Video games rated “mature” have content that is generally suitable for ages 17 and up, according to the Entertainment Software Rating Board (ESRB), a self-regulatory board established by the ESA. These games may contain intense violence, blood and gore, sexual content and/or strong language.

Video games rated “adults only” have content considered suitable for ages 18 and up. These games may include prolonged scenes of intense violence, graphic sexual content and/or gambling with real currency.

Since the inception of the ESRB in 1994, only 21 video games have been published with the “adults only” specification.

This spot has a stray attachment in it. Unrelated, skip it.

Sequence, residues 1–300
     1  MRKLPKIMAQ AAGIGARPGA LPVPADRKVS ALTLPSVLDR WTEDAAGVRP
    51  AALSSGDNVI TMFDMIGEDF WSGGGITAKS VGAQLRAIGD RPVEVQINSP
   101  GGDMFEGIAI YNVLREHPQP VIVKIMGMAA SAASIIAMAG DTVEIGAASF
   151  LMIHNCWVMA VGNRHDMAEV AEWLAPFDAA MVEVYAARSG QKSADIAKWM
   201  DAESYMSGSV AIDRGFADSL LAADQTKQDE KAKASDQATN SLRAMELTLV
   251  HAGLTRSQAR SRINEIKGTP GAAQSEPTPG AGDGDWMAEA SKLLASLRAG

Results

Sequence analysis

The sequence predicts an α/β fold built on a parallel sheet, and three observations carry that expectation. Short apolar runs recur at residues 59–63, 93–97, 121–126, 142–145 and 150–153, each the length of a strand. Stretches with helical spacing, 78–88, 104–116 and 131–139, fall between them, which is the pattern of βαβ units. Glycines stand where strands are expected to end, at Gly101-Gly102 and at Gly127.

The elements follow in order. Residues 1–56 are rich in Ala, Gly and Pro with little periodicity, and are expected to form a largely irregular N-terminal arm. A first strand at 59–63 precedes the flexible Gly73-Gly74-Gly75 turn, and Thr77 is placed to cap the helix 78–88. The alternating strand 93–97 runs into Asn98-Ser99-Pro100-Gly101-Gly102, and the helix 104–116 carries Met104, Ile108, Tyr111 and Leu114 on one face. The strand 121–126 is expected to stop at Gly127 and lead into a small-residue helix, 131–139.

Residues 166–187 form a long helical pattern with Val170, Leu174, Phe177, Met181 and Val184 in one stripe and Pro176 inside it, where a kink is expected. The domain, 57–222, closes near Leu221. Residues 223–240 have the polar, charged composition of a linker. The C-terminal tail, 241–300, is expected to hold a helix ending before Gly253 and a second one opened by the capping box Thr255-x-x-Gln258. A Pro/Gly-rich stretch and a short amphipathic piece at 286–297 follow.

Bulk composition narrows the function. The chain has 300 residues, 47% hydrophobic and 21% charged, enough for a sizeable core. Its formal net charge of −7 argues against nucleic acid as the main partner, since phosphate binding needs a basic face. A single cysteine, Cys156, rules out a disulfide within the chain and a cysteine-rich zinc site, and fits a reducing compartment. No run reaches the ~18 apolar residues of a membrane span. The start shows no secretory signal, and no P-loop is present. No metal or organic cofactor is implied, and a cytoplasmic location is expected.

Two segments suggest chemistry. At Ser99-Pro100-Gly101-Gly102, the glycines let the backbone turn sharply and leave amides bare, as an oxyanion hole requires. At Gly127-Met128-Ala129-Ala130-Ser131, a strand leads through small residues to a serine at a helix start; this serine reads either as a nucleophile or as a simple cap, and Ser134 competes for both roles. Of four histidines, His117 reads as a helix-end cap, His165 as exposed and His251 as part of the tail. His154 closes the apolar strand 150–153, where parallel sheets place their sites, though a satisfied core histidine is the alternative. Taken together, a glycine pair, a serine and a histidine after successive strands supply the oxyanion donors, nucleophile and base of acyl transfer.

The first bill proposed by Kean would prohibit retailers from selling video games that are rated “mature” or “adults only” to anyone under 18.

The second would require the presence of a parent for a minor to purchase a violent video game.

Any retailer found to be in violation of either bill would be subject to a $10,000 fine for the first offense and up to $20,000 for each subsequent instance; be forced to cover any punitive damages to the minor who purchased the game; and could be on the receiving end of a cease-and-desist order from the state Attorney General’s Office.

Although both of Kean’s bills would suggest that minors are currently able to purchase violent video games unabated, a study conducted by the Federal Trade Commission (FTC) yielded results that contradict that line of thought. The FTC looked at the attempts of a number of 13- to 16-yearolds to purchase restricted entertainment products at retail establishments across the country and found that in 2011 and 2012, about 13 percent were able to purchase a “mature” video game.